The moment of truth is here. We must choose to be for Jobbik or against Jobbik. Every one of us. These numbers in the post show the story: “Fidesz received 39%, United Alliance 37%, Jobbik 12%, and LMP 12%.” With such numbers Nobody is able to govern without Jobbik. In this situation ALL coalitions MUST FORM WITH JOBBIK. Look at the numbers again. Add them together. TRY to make a coalition that does not include Jobbik. it is IMPOSSIBLE with these numbers it does not exist. Read this again. With these numbers ANY coalition MUST include Jobbik mathematics dictates it. So we cannot be two-faced. We cannot demand actions against Jobbik, call them far-right, neo-fascist and other names and then fight to ensure that Jobbik will govern. ENSURE. We must not become neo-nazis ourselves. We must have morals. We cannot be both against Jobbik and Jobbik’s strongest supporters at the same time. We cannot fight for a system that gives Jobbik even more power than it already has. This is our time, this is our moment of truth. Everyone must pick a side. Either you are for Jobbik’s dominance and ensure that they shall govern or you are against Jobbik… Read more »
Katayev
Guest
csepp
Guest

Of course – as done by pros, this is not the left-wing after all – the news broke on Friday and it is already the summer.

In other words, nobody will give a ****t, people will be finally enjoying their weekend and be out drinking their favorite micro brewery ale or pálinka.

In addition, the mighty left wing has no media, so people will simply not know what happened.

Budapest people who would vote for the left wing or liberals just don’t care and they don’t demonstrate. Only the right-wing is well-organized enough to do anything.

Orban knows this well. So leftist people can get lost, their losing streak just started, it just started.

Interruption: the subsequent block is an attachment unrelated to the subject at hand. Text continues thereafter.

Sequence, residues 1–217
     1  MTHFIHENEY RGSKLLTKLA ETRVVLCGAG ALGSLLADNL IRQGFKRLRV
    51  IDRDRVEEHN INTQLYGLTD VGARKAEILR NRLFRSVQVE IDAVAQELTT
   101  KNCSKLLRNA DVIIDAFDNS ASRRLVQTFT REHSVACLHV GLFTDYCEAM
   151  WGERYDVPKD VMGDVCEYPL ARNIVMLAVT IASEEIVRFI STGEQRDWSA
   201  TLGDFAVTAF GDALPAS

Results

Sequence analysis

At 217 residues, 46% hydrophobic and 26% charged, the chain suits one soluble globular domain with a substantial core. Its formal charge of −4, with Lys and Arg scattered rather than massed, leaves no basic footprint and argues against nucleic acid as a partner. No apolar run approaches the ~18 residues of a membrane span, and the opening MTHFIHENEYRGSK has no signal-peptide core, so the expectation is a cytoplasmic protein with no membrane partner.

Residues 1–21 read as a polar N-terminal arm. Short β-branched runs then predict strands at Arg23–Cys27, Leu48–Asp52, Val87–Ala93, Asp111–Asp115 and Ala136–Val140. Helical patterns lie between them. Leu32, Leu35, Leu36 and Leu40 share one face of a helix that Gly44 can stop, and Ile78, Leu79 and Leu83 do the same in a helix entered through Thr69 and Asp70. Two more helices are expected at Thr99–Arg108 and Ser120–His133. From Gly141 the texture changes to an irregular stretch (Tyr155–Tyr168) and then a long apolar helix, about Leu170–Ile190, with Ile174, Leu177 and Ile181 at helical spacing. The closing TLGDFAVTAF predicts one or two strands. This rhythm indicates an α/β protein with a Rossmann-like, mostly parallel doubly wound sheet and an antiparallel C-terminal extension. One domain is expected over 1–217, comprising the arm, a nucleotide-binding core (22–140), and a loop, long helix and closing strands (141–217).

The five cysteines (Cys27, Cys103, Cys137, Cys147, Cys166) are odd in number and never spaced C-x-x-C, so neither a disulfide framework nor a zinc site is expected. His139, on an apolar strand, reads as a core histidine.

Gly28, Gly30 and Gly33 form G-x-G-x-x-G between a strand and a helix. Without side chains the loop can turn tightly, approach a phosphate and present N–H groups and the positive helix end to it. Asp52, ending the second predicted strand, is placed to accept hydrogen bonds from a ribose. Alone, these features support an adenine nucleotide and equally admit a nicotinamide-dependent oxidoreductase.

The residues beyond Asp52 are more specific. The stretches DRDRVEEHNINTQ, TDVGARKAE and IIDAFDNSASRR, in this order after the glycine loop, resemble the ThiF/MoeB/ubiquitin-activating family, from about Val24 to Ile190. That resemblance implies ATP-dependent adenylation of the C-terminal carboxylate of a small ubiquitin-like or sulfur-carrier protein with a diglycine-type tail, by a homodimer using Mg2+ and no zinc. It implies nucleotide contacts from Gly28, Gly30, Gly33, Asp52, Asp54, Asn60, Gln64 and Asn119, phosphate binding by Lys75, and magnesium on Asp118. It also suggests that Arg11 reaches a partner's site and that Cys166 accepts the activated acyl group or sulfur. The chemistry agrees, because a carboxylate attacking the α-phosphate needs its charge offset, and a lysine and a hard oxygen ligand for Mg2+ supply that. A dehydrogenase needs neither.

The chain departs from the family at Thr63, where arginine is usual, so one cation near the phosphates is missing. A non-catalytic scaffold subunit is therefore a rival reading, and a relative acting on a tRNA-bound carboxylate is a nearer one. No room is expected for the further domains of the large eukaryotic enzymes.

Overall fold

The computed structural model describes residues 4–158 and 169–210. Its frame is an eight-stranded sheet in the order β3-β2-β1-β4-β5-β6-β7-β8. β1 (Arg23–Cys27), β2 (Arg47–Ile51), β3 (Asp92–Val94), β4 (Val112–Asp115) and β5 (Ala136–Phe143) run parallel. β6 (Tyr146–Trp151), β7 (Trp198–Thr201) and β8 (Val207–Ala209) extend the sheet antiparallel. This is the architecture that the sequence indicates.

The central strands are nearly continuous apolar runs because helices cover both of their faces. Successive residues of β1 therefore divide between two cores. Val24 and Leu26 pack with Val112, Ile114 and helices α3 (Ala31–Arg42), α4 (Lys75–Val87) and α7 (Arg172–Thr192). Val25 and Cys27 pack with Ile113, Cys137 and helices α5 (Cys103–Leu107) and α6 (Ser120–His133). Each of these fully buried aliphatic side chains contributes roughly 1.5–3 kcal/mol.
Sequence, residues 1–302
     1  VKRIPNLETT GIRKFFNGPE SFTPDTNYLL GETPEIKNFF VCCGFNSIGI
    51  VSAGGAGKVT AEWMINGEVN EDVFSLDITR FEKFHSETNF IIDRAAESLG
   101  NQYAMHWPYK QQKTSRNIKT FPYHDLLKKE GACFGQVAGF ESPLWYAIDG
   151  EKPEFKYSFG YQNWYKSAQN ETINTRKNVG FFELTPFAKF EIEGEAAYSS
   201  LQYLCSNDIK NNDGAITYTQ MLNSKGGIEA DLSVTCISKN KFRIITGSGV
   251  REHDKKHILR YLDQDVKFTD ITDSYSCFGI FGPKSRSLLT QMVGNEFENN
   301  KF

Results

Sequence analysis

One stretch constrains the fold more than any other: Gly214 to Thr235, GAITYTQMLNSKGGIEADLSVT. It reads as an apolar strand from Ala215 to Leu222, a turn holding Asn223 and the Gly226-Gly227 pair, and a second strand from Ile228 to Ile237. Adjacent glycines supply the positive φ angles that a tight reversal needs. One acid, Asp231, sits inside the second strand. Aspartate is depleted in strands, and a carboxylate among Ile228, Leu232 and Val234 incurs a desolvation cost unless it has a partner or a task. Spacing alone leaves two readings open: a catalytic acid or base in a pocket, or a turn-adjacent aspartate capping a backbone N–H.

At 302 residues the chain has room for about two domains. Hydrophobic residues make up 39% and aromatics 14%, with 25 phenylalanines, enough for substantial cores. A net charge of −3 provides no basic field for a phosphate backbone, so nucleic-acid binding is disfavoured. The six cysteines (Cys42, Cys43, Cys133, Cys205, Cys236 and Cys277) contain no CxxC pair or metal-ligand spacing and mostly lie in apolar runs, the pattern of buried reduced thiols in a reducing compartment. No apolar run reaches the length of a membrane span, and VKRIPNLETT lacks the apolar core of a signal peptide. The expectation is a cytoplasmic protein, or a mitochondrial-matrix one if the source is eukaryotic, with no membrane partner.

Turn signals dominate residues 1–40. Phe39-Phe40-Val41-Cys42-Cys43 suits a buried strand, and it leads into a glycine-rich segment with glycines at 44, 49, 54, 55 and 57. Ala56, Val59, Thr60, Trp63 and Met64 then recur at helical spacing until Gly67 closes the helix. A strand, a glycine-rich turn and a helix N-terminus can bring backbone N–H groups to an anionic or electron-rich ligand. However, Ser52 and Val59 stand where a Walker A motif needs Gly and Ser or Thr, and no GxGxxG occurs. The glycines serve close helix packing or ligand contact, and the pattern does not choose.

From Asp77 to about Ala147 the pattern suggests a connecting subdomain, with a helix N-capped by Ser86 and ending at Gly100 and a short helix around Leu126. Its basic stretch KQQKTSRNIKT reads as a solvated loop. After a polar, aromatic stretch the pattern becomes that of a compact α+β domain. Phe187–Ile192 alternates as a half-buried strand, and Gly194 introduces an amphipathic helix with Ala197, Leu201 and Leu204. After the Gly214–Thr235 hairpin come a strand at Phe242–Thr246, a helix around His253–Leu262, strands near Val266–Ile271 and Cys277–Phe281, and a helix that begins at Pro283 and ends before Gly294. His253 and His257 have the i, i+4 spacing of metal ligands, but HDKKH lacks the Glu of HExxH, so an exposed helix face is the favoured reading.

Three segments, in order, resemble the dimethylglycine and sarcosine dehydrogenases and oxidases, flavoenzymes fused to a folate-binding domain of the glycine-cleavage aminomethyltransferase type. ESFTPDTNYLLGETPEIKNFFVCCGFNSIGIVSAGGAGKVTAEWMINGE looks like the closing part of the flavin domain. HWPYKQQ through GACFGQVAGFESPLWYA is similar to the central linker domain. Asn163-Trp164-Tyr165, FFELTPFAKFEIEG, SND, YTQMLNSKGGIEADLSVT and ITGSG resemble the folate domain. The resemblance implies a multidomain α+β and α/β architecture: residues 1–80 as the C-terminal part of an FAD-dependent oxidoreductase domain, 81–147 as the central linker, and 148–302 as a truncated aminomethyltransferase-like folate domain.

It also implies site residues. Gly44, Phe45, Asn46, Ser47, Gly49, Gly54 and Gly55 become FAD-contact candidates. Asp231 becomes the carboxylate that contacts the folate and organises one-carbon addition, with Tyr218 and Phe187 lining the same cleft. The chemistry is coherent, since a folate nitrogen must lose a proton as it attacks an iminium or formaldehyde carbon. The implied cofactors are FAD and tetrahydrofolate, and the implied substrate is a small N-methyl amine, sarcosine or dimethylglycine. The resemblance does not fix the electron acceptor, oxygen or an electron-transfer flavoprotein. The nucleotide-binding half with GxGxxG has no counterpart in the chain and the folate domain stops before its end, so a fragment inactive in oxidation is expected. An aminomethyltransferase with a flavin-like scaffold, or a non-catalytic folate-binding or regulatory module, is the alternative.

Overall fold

Soon enough leftists will realize that it is not worth doing it, to be a loser all your life is not good.

Zsolt Molnár and Csaba Horváth realized that it is better to be friendly with the winners, with the jocks. Life is not easy, if your are friends with the nerds.

sunyilo12
Member

Csepp,

Don’t take it as a insult but you seem to have already started the summer program with some home-distilled palinka…

While Fidesz plans these actions very cunningly I wouldn’t say that they are professional in any other categories than petty cheats. Don’t be mistaken, if real crises hit Hungary, like people’s anger against Fidesz turns violent or Orban dies of a freak accident or sudden illness, this whole system they call NER will collapse in a second as there is nothing to support it: a competent administration or powerful external allies.

So if you are enjoying it, feel free to do it just don’t bank on it for the long haul.

Julio
Guest

sunyilo12,

Laypeople and scholars both tend to seriously underestimate the resilience of autocracies.

Hungary is currently an autocracy but one which is lead by smart lawyers (look at the new titans: Miklós Seszták and Bence Tuzson, both filthy rich lawyers well-known for ‘arranging’ legally untouchable EU-subsidized ‘deals’) who will make sure all they do is ‘legal’ so that even the cultured EU politicians (burocrats) have to bow and acknowledge the legality. And in the unlikely scenario of not being completely legal, then they can always change the law and they anyway control the judiciary/prosecution/constitutional court.

Orban is here to stay. He and his cohort are way too smart and prepared for your average leftist European dreamer.

D7 Democrat
Guest

“Hungary is currently an autocracy but one which is lead by smart lawyers….”

Depends on your definition of “smart”. Fidesz at the very top may have one or two intelligent people but it is very top-heavy in that regard simply because Orban prefers, from his own sense of inferiority and insecurity, to have himself surrounded by idiots and buffons- exhibit for the prosecution Messrs Matolcsy and Lazar.

Further down in every village and town Fidesz ranks are filled with, again, idiots and buffons who keep their position not because of their intelligence but due to basest of corruption and if that doesn’t work, then, threats.